HOW I BEGAN TO LOVE MORNINGS: PART II

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Submitted Date 11/18/2019
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PART TWO: OK MORNINGS ALL OVER

I reached a certain point where I thought, if things are this bad, then what is the point of living? I think differently now. I have a better grasp on life and its sufferings, but at the time that is how I felt. The remedy to this was change. I cleaned out my apartment, gave most of my things away or threw them out, quit, my job, packed up my car, and headed, well, somewhere. I had no idea where I was going. But I needed to get out of the city, needed a change of lifestyle, and needed a change of job.

I had the means at the time to do this, but it was still a drastic cut in my pay to leave one of my jobs. Mornings during this time were different. I woke up in a lot of different places all over the United States: Iowa, Oregon, California, Nevada, New Mexico. Then France, and so on. I was living with the excitement of not necessarily knowing where I would be the next day. Imagining where I would be in a year seemed impossible. If I was in a hotel, I would wake up and realize where I was. Sometimes this took a second. Waking up in hotels during that period of time could be depressing. There is a sense of loneliness staying at hotels on the road, by yourself.

The decor and quality of the place had an impact. Sometimes the smell was horrible when I checked into a room and by the morning I'd become accustomed to it. Your senses can adapt to most things. You see people with purpose all around you. Families, retired couples, and mostly construction workers. There weren't many drifters like myself. Almost always, I would turn the television on to cancel out the loneliness. I would still have the same flood of anxiety when I awoke. Yet, this time it wasn't different. I didn't feel like staying in bed.

The boundless freedom I had could be debilitating in ways that I had not anticipated. Choices were all on me. Now people may think they would give anything for that sense of freedom. There is nothing stopping you from doing it, and I suggest you do. Because then you can appreciate the constraints of daily habits and rituals so much more. Freedom is an important lesson in balance. I would check my text messages or lack thereof, then my email.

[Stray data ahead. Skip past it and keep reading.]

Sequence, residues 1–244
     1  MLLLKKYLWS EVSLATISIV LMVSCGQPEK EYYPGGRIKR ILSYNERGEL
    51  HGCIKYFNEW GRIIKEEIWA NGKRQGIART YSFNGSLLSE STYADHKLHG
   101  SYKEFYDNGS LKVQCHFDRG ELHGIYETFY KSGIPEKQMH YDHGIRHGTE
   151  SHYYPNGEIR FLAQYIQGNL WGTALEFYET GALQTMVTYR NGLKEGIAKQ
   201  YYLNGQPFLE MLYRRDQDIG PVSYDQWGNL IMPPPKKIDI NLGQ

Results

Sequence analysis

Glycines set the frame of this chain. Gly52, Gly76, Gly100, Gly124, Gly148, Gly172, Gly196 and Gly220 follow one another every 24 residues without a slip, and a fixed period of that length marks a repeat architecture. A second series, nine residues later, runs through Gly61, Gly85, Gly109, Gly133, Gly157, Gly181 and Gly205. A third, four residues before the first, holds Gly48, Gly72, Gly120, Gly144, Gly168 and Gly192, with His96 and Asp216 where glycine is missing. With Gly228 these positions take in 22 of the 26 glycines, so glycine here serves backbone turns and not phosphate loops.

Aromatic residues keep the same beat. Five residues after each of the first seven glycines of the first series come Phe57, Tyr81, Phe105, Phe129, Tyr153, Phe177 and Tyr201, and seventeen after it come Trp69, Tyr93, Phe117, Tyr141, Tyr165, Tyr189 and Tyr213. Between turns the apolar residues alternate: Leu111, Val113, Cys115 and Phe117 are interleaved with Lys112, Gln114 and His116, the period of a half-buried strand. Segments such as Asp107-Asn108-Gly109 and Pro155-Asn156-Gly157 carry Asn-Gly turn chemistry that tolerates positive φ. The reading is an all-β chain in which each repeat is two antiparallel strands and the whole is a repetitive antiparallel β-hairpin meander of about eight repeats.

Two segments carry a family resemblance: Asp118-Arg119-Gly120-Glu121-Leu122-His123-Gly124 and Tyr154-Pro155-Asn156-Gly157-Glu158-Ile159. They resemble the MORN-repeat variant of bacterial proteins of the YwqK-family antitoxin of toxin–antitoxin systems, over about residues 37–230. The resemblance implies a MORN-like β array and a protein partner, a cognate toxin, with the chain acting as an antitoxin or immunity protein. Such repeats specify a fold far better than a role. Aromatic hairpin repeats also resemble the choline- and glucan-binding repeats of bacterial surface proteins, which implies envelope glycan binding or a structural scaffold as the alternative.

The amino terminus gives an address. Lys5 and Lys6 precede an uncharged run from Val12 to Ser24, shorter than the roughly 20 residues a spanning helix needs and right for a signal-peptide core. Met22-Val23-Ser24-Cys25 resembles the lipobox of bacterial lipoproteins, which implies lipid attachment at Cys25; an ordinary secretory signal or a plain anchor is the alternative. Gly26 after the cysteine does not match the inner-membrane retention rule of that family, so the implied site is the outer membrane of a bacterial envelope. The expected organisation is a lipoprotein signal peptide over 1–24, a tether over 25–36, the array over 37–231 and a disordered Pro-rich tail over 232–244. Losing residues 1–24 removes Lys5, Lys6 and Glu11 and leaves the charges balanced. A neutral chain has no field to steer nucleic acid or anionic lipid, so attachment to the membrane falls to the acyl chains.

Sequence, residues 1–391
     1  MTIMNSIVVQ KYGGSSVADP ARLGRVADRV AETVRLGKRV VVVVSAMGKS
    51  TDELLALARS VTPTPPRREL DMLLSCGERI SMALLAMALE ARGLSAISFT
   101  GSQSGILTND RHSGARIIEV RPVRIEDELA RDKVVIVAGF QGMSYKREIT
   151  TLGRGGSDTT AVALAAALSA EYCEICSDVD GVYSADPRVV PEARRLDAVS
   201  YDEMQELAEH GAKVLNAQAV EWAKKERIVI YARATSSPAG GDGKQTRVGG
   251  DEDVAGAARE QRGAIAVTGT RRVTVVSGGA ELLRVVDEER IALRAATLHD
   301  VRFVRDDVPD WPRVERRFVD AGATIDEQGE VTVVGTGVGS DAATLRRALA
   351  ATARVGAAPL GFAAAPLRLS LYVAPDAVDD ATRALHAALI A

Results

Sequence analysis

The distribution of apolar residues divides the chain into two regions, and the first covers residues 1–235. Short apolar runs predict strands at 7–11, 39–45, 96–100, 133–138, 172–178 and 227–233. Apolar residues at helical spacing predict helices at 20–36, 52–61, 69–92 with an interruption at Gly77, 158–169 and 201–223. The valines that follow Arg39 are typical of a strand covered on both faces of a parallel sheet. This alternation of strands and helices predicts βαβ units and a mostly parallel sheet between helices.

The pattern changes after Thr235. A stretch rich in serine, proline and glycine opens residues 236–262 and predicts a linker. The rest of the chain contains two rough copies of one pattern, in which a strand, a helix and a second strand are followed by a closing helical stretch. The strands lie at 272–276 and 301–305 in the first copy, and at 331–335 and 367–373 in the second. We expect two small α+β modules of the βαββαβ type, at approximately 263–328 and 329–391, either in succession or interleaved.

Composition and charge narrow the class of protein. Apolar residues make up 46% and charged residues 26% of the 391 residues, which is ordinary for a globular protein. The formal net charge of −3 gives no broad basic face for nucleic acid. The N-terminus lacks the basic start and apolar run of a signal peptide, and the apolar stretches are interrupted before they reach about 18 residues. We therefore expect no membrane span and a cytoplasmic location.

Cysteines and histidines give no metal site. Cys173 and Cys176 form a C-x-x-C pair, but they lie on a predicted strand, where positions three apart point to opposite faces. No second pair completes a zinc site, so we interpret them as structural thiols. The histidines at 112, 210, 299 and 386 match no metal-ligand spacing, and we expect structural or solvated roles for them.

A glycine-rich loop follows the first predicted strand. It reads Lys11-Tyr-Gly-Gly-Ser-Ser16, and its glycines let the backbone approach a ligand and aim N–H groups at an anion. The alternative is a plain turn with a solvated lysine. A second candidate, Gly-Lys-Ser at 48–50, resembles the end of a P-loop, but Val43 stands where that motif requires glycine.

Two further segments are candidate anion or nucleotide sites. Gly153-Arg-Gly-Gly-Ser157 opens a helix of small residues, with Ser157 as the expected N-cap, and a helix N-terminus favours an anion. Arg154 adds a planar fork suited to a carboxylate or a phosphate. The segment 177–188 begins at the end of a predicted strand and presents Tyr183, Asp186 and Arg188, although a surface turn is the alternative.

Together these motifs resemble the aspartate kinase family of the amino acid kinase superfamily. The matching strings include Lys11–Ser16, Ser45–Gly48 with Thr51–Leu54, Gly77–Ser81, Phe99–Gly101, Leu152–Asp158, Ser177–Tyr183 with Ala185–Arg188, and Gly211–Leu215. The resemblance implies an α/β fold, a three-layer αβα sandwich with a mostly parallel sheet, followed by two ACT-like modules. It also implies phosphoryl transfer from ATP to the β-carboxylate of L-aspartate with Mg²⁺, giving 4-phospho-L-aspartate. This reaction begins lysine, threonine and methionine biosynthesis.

During this period any sort of communication helped to keep me feeling grounded. Like I wasn't just dust blowing in the wind. Daylight brought a safety insurance that nighttime didn't offer. There was a bonus in that. I would get up, let my dog out (who insisted on sleeping in his own bed most of the time). Then, I would go get breakfast and coffee. The breakfast at hotels was mostly disgusting. The coffee most of the time was not that good. It's almost impossible to find something that isn't drenched in sugar or just low quality. You put your food on the flimsy styrofoam plate, and go sit amongst the people listening to the morning news. Most of the time, no matter where I went ,the channel was on Fox News.

I'd go back to my room, shower, and hit the road with more optimism than I had when I woke up. The road is always a cure for my blues. If I wasn't at hotels during this almost a year and a half period, I was at friend's places. Sometimes waking up was a great feeling. Mostly on the weekends. Because I didn't have to think about how I didn't have a place to go during the day. I had to come up with own rhythm, my own way of life, where most of my friends were on the autopilot I used to exist on.

I would still check my phone for text messages, or lack of, and email. The flood of anxiety would settle over me, but maybe it wasn't as strong, depending on where I was. I'd get up, get dressed, and eat breakfast. I'd try to do some yoga before I got to work. Then at some point I'd shower. While I was in France the anxiety was greater. I was in an unfamiliar place where I didn't speak the language well. I would wake up dreading the interactions I would have that day. Feeling almost as if I was in a prison.

Sometimes I'd look at it different. I try to see most of my life as an experiment, or a learning experience. I'd apply this to the situation. The last of my travelling stint was in France during a particularly stressful time. I knew my stint was about to end, and there was a tremendous amount of anxiety in that. The universe was about to boot me out of where I thought I should be, to where I should be. I had started to drink less during this time, recognizing that hangovers contributed to my anxiety more than anything else.


 

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